- Appoint data stewards (senior business stakeholders responsible for each subject area)
Form a Data Steward Forum
- Agree draft definitions for each of these attributes (descriptive fields) and measures (fields that are summed) and get approval from the data steward forum.
Create a reference data model
- Create a reference data model that correctly models the relationships between each of the items in the subject areas
CREATE A BUSINESS GLOSSARY
- Populate a business glossary with attributes and measures (aka Key Performance Indicators (KPIs)) which defines the names and descriptions, classifies the content and provides synonyms for names where business units require different terminology to be used.
Create a master data store and master data management system
- Create a master data store and build it based on the reference data model
- Identify which source data is the golden copy of each data item and build work flows to push this data in to the master data store.
- Build a master data management application that allows the master data to be manually fixed.
- Create automated data cleansing to fix known problems that occur at source.
- Create alerts whenever dirty data needs to be fixed.
- Create mapping tables to map the records in the source system to records in the master data store.
Include links to your master data in all existing and new reports and applications
- Update your existing reports to include not only links to the business data you have in your source systems, but also links to the business data held in the master data store.
- Ideally, hyperlink fields in the reports to entries in your business glossary, so that it is clear as to which attribute or measure a particular field label is referencing.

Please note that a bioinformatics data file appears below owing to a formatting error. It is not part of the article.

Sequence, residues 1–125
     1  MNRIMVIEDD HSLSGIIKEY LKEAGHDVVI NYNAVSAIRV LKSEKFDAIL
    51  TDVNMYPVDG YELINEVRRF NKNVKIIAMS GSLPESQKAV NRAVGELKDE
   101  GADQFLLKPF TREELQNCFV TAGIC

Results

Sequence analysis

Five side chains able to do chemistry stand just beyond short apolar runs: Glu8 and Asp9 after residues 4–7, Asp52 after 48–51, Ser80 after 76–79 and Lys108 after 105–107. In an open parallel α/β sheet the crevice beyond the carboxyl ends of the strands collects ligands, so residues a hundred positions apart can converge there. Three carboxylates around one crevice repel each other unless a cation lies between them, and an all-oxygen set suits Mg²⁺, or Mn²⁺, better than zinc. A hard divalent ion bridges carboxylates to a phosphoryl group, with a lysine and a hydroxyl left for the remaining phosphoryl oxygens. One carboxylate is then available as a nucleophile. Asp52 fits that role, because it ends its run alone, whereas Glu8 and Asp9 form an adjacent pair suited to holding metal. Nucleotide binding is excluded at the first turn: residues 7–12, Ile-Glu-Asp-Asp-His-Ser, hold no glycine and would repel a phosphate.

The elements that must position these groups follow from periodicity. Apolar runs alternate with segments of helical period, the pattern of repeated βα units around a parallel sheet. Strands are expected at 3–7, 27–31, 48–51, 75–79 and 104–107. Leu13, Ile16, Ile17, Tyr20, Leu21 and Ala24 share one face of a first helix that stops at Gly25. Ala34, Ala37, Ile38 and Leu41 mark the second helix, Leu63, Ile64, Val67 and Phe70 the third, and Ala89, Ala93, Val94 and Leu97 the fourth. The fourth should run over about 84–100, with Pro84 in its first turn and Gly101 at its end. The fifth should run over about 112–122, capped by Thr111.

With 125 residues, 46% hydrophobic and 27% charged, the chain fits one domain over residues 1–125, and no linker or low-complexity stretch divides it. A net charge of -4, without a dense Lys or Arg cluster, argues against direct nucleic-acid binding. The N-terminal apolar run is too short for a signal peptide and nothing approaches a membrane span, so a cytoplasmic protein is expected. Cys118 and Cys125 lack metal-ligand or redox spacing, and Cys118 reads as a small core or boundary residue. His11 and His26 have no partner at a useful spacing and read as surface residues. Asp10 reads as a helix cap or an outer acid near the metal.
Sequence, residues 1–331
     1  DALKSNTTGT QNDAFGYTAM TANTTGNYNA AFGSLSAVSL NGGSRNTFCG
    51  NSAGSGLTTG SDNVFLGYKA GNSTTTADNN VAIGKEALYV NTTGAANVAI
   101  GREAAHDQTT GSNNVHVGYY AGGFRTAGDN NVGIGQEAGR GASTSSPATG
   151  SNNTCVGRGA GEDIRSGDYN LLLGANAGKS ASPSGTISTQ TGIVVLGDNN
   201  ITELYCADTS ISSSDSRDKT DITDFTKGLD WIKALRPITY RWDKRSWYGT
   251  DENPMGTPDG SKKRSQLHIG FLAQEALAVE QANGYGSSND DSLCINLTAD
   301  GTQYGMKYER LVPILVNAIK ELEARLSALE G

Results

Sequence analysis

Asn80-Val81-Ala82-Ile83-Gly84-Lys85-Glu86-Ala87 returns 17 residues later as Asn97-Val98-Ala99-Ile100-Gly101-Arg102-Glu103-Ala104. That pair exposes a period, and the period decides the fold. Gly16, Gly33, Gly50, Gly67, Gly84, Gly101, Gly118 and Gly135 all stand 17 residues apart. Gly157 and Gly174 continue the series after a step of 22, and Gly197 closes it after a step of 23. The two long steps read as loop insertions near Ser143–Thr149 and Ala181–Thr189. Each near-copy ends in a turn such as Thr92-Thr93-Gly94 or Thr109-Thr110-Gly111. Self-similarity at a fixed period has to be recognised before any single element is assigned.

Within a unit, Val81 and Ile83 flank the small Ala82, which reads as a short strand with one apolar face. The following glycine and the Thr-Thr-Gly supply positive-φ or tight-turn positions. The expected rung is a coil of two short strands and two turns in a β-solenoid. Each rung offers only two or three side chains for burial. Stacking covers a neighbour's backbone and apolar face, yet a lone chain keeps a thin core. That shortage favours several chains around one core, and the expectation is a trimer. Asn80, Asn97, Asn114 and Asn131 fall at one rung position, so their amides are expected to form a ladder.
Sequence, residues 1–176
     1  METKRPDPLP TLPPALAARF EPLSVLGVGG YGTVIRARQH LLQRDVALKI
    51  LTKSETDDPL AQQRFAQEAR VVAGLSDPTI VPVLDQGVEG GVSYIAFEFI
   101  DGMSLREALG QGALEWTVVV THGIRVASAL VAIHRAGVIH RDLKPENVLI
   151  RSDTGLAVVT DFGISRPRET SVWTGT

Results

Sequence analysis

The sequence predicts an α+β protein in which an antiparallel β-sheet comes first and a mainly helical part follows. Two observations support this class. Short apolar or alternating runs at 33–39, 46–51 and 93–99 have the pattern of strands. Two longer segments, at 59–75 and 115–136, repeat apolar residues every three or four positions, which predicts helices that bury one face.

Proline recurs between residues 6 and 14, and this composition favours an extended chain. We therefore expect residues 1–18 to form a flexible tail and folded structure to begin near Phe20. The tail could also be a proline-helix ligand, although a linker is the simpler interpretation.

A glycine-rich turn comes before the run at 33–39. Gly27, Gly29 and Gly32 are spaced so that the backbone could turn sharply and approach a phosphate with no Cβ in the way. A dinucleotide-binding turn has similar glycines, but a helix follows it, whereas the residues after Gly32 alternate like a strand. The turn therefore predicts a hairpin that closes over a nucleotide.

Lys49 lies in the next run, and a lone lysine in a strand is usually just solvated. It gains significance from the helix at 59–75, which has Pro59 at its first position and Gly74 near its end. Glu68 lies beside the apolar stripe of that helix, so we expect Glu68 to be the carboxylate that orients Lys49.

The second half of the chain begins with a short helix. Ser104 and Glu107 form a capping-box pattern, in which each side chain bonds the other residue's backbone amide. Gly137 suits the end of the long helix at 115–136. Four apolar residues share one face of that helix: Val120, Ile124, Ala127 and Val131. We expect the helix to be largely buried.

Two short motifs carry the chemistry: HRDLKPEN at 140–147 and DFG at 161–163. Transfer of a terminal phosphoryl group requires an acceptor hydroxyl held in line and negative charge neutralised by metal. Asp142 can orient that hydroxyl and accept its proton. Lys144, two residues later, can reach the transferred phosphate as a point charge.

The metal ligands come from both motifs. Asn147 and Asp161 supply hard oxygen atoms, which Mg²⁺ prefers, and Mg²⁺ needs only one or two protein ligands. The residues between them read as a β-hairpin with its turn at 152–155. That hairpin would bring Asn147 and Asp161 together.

Set up Audit & Reconciliation Controls
Create audit (calculating checksum at source) and reconciliation (calculating checksum at target and reconciling with source) controls to ensure no data is lost between each stage of data integration.
Set up user and data security
You need to prevent access to systems. This can either be via a username and password, ideally via a centralised user authentication system, or more robustly by adding public/private key encryption, so only holders of the private key can gain access. Any masking rules that you wish to create to dynamically scramble sensitive data from certain groups of users under defined circumstances should be created in the data masking layer.
Turn on database auditing so that all access to data is logged, in case an external hacker or inside man overcomes the other security controls.
Establish a business process whereby users can apply for access to data
You’ll need a process where a user requests access to a system (user authentication), sets of data and particular reports (user authorisation).
What have we achieved?
Once you’ve done this, all reports and applications will be linked to a common view of business data, and your business data will have definitions, so you have a consistent, standardised view of business data. This means that the next time the customer rings up, he can be traced by using the unique id assigned to his record in the master data store, details of which can be supplied to the customer before hand.
Additionally, you’ve put in sufficient authentication and authorisation to prevent a security breach, plus audit & reconciliation controls to ensure that no data is lost, plus audit controls to ensure that all access to your data is logged.
Is there an Apache project covering data governance?
Currently, the Apache community has been slow on filling data governance gaps in the Hadoop/Spark ecosystems. However, there an incubator project – Apache Atlas – has now been created to create an open source system which will provide audit, metadata, data security and data life cycle management.